Let’s say you have the given name of only some of your contacts, which is the case with my list. Activecampaign Opportunity. I typically don’t need a first name to sign up to my list, but sometimes I get a very first name, such as when somebody purchases a product. Would not it be good to welcome your contacts by name, in the cases when you have it? You can do this, but it’s cumbersome.
I’m likewise filtering for generic terms added by other systems, such as a dash, or “Visitor.” If they have a given name, I state “Hey,” and then their very first name. If they don’t, I simply say “Hey there,”. By constructing a Message Variable in ActiveCampaign, I can quickly alter my welcoming according to whether or not I have the contact’s very first name.
I developed a variable that’s merely %greeting-hey%. If I have the contact’s name, it appears in the email. If I do not have the contact’s name, it defaults to “Hey,”. Where Message Variables truly save me a great deal of time is by allowing me use the exact same automation over and over again for my webinars, and I can rapidly change out all of the details. Activecampaign Opportunity.
Here vary for a webinar I run called “Bust Through Creative Blocks.” You can see I have a bunch of different variables here, such as the date and time of the webinar, the cost of the product, deal terms, coupon code, and more. Each time I run a new webinar, I can alter each of these variables to match any schedule modifications or deal changes.
And here it remains in an email. This message variable allows me to quickly alter out a countdown timer. I did discuss earlier that one of the cons of ActiveCampaign is their e-mail modifying experience. I switched from MailChimp, and MailChimp happens to have the very best e-mail editing experience. I actually like to send out easy e-mails. Activecampaign Opportunity.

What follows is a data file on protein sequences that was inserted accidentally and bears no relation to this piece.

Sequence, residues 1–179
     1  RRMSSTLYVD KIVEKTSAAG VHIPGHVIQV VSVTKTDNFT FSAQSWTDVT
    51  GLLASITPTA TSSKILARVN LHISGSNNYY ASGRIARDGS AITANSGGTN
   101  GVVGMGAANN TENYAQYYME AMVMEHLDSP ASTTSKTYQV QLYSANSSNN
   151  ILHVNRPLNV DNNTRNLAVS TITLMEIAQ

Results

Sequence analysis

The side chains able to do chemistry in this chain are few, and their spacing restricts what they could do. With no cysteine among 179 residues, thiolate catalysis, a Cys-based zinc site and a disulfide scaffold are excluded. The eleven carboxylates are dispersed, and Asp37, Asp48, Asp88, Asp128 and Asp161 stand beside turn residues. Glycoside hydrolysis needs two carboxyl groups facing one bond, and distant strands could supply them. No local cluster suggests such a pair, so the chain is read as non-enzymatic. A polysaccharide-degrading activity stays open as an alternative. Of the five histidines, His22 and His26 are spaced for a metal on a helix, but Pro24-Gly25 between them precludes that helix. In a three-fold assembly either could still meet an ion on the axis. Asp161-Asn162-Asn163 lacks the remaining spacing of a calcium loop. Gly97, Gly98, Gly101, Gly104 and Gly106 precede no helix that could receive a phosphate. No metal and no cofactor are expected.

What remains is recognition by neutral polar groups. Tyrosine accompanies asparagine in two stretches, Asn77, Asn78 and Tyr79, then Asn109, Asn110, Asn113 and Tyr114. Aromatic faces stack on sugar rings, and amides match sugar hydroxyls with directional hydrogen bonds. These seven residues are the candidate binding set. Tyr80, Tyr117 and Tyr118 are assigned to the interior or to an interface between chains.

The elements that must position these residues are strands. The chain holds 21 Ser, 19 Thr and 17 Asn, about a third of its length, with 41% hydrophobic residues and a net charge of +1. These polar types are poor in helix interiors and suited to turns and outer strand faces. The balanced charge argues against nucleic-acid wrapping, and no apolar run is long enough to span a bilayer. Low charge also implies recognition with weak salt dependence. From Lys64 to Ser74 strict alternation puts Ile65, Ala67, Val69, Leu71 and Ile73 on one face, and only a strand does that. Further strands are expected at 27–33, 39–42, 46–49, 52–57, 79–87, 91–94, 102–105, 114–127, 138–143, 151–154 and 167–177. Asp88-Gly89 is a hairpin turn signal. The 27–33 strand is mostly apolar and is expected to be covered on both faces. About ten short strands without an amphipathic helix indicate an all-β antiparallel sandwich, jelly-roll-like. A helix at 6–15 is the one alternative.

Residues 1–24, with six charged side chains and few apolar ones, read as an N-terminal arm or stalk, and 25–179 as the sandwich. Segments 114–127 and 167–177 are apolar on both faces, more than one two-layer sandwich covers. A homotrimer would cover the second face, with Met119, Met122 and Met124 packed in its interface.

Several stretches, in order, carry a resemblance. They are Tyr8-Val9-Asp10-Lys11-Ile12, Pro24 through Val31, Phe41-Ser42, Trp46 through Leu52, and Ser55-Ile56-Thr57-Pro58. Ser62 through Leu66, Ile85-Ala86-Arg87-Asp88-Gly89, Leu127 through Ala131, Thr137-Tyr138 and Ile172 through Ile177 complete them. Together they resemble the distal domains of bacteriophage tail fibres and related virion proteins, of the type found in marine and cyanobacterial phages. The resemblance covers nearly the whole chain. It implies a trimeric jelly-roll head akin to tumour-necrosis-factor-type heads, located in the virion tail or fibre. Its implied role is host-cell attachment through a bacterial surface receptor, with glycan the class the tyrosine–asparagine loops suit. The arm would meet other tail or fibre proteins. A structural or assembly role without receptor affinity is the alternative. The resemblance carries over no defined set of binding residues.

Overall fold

I have actually found that extremely hard to do with ActiveCampaign. For awhile, I was editing e-mails in ActiveCampaign’s hybrid editor, which is rather clunky. For a very long time, I used ActiveCampaign’s hybrid HTML and WYSIWYG editor, which was activated by a basic template I produced. The user interface for the HTML editor looks like it was pulled from some totally free open-source project.
However, including images is a bit of a task. You have to pick them from a file browser. There’s no drag and drop option. ActiveCampaign’s HTML e-mail editor requires that you make up totally in HTML. The option to this, if you want to have control over the HTML, is to edit pure HTML, with a sneak peek on the side.
Including images to ActiveCampaign’s abundant full-screen editor is a clunky experience. You need separate text boxes for above and listed below the image. Lately I have actually started using ActiveCampaign’s abundant text editor – Activecampaign Opportunity. They have some nice design templates, but I still desire to send out the simplest e-mail possible. They do have some plain-looking e-mails, however they have some degree of very little format, which you can’t eliminate.
But, with some modifications, I can make my e-mail pretty fundamental. I can make it immediately use up the whole window, and I can fine-tune the typography to be a little bigger, and have a little bit more leading. The most frustrating part of ActiveCampaign’s rich text editor is adding images. Picture you have actually just typed out a terrific email.